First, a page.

The two filmmaking brothers stay even truer to Jack London’s All Gold Canyon (1906). London writes the landscapes of the West with a heavily detailed style reminiscent of a Frederick Remington painting. The film’s cinematography captures these panoramas beautifully, leaving me wishing I had watched this on IMAX and not my laptop. Amidst this beauty, however, resides a dark tale of unbridled capitalism: a tragic gold rush between two competitors. The six stories intermix both glory and adventure with sorrow and brutality, lying bare, the good, the bad and the ugly of our nation’s untamed beginnings.

Image: Netflix

Click here to visit Father Vince Kuna’s IMDB page.

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BASED ON: Life on the Cross in ‘If Beale Street Could Talk’

Our producer-at-large Father Vince Kuna, C.S.C., a USC film-school grad, does a regular feature here called BASED ON, looking at literary works adapted into TV or movies.

If Beale Street Could Talk, written and directed by Barry Jenkins (Moonlight), based on a James Baldwin novel of the same title. (Warning: rated R. Even more graphic content in the novel.)

The works of James Baldwin have seen a resurgence in recent years. I Am Not Your Negro is a documentary told solely through the words of Baldwin: his essays, interviews, lectures and other non-fiction works. Both the film and the primary sources pack a great deal of political power.

I was unaware of his fictional writings until the release of the critically claimed and awards nominated film, If Beale Street Could Talk. Upon reading the book, I realized the story was unique in that it was essentially a story devoid of a structure. By non-structure, I mean that it did not follow typical Western literature rules such as act structure and character arcs.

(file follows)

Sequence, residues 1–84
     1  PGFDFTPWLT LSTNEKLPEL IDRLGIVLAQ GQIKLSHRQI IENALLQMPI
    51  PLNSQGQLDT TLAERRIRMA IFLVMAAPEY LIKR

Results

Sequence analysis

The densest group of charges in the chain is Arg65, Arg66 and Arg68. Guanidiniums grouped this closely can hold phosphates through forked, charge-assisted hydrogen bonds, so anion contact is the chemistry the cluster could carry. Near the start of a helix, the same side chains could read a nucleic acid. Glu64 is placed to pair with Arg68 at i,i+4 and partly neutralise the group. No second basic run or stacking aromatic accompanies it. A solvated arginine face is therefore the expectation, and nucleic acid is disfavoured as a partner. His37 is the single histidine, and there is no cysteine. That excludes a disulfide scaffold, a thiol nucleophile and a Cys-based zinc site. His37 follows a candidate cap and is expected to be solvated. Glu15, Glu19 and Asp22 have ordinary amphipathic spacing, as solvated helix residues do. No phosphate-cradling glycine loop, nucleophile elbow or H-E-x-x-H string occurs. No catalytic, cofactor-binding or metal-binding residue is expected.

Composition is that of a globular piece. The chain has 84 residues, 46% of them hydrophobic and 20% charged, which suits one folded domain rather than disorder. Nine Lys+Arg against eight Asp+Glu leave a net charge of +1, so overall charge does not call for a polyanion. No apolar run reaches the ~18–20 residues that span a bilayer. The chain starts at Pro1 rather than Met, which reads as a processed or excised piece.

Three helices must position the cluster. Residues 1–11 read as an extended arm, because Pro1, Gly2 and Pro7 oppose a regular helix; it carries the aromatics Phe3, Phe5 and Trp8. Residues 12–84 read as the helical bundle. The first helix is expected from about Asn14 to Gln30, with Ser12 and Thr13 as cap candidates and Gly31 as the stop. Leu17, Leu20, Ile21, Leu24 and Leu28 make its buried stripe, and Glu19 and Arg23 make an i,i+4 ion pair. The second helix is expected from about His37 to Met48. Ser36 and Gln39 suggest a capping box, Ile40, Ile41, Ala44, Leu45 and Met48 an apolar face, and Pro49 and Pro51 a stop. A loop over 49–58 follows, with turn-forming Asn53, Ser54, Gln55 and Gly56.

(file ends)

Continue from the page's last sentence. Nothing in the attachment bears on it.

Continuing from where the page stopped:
In the briefest of summaries, the first half of the book deals with a young African-American couple falling in love … much to the chagrin of the young man’s devout mother. What follows is a graphic description of the consummation of that lust. The second half of the novel commences after a corrupt policeman frames the young man for a sexual assault. The families attempt to exact some justice, hiring a well-intentioned lawyer, and going so far as taking an out-of-country trip to find the alleged female victim, but they’re ultimately trapped in limbo. The young woman and her son long for a husband and father unjustly separated from them. A third act never materializes.

A novelist, essayist, activist and playwright, Baldwin’s words posses more of a stark and objective reality. Barry Jenkins’ big screen adaptation provides more artful fine strokes. His cinematography captures some of the more beautiful compositions in a film from last year. The principal characters, after all are themselves beautiful. Even in the prison scenes that conclude the film, the young man is shown weary, but his good looks are retained, only assuming a more rugged quality.

The editing as well, reinforces the non-story structure. The incident of police corruption and brutality fractures the two families’ worlds. The resulting non-linear flashback style, then serves its dramatic purpose. Jenkins improves upon the Baldwin work, a novel written almost exclusively in temporal order.

Thematically, the book and film achieve their greatest feat. Beale Street avoids the path (pun intended) that another period film, The Favourite, unfortunately takes. Even if ahistorical, the three female characters in The Favourite behave badly in their ruling of Great Britain, given license, I suppose because men did the same in the dynasties prior. Women acting like men, I would venture, hardly constitutes a feminist story ,as nothing really pertaining to womanhood is depicted.